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Credit rating agency Equifax Canada says total consumer debt increased 2.8 per cent to $1.99 trillion in the second quarter despite the economic impact of COVID-19 amid a strong recovery in the housing market.The Canadian Press

Two years ago, the federal and British Columbia governments struck an expert panel to examine B.C.’s overheated housing market. The goal was to drum up ideas to improve housing supply and affordability.

One might guess political leaders would be keen readers of a report on solutions for a housing market gone awry. And that this would be especially so, given the tornado that has torn through housing across Canada in the past year, as a buying mania hit a supply shortage and shot the Canadian Real Estate Association’s national average sale price 38 per cent higher.

Instead, the political reaction to the report – an immediate dismissal of the more controversial recommendations – is indicative of how tough it is to address the housing crunch.

The panel had six members: a senior business economist; the chief executive officer of a private real estate developer; the CEO of B.C.’s non-profit housing association; a tech industry executive; a credit union economist; and a former B.C. NDP finance minister, who served as chair. This was not a group of radicals, and the six were unanimous in their recommendations.

Some ideas were straightforward. The panel said the myriad rules that restrict new housing – “governing how much housing gets built, where it gets built and how quickly” – must be reconsidered. It also wants levels of government to work together, and urged for a redoubling of efforts to build affordable housing.

Two proposals, however, were too much. The panel cited the large tax breaks given to homeowners, such as B.C.’s homeowner grant, a partial property tax refund worth about $850-million a year, or the non-taxation of capital gains on the sale of principal residences, worth more than $6-billion a year nationally. The panel proposed a review of the capital gains rule, something a Royal Bank of Canada economist also suggested in late March – and called for the homeowner grant to be phased out, with the money invested in social housing.

B.C. Finance Minister Selina Robinson and federal Finance Minister Chrystia Freeland rejected the panel’s talk of the tax breaks within hours of the report’s release last week. The panel foresaw this. Sure, it is ever more difficult to rent in Canada. Yes, young people’s hope of owning a home grows dimmer by the day. But in a country where roughly two-thirds of households own their home, elected officials cater to those voters.

“Homeowners, who stand to benefit from both rising housing values and the tax advantages they are granted, also have considerable political influence,” the panel wrote. “Elected officials may be reluctant to take actions to significantly boost the supply and affordability of housing or change tax policies that favour incumbent homeowners because of the potential political backlash. This, in turn, is exacerbating housing shortages.”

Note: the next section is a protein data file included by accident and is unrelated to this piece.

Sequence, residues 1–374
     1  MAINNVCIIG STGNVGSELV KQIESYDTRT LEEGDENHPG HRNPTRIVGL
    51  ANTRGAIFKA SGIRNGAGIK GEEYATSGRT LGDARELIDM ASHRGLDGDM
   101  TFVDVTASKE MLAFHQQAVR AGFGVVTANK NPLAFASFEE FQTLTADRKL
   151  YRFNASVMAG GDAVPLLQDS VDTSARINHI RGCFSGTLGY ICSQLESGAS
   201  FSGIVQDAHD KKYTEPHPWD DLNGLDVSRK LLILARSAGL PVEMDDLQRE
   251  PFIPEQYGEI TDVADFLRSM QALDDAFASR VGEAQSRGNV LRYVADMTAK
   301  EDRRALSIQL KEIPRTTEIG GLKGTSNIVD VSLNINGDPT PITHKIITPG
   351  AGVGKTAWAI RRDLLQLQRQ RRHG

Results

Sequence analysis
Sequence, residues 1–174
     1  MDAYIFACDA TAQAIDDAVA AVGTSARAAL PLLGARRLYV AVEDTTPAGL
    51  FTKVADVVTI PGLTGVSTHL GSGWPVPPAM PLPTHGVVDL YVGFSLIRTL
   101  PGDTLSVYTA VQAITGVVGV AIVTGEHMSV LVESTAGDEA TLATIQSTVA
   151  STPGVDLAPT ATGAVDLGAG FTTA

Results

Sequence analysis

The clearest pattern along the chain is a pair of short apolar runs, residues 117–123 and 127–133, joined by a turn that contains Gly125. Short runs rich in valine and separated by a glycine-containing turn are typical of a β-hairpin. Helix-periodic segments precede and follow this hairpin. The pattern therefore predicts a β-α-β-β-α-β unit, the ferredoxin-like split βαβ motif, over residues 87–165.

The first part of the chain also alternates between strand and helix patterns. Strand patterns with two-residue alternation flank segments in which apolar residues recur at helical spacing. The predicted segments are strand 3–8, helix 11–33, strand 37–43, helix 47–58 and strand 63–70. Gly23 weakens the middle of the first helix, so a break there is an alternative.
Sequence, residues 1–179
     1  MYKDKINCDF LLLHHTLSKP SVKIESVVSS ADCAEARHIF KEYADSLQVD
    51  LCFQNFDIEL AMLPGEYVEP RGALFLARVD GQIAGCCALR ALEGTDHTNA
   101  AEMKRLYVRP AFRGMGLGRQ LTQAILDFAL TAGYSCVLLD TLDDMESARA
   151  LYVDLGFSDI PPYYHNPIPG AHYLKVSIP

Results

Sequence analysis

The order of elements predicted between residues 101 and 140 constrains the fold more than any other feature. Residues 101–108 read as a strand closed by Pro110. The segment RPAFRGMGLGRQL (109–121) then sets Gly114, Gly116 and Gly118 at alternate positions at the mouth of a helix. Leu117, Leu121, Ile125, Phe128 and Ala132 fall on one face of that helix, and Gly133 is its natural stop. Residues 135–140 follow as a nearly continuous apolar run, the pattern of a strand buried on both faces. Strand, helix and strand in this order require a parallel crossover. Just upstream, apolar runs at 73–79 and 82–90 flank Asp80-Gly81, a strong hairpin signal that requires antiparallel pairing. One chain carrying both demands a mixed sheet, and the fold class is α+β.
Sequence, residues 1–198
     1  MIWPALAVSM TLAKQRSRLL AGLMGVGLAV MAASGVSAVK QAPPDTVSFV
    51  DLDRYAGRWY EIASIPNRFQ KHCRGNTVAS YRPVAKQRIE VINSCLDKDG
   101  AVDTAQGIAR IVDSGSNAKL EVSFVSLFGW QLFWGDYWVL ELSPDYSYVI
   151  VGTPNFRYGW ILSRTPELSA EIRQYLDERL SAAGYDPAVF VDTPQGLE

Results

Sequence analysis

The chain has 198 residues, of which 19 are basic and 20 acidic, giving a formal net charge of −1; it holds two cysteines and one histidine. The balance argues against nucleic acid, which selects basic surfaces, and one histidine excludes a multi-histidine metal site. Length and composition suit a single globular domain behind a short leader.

The key here is not these large tax breaks. It is well known that such changes are a near political impossibility.

What is more important, and most worrisome, is how this episode reveals the challenge to making any real difference in the future of housing in Canada.

Political leaders talk about doing big things. B.C. put out a 30-point plan three years ago. Ottawa’s national housing plan is supposed to build 16,000 new affordable units a year over a decade. Sounds good – but it’s well below a peak of about 25,000 a year that were built a half-century ago.

Meanwhile, too many current homeowners don’t want to see their neighbourhoods change, and city halls are too often beholden to their interests. And so, a chronic shortage of housing – Scotiabank in May said Canada has the fewest homes, adjusted for population, of any Group of Seven country – keeps getting worse.

The panel clearly saw the political puzzle. One of the most interesting things in the report was the call to reduce the negative influence of city councils on housing. The panel, looking at B.C., said, “It falls on the provincial government, which is ultimately responsible for local governments, to enact many of our most impactful recommendations.”

Canada has a basic, long-term challenge: The population is growing; housing has not. Our political systems prevent more from being built. These are fundamental problems to address. There are plenty of good ideas out there, as the B.C. report makes clear. What’s lacking is the political courage to implement them.

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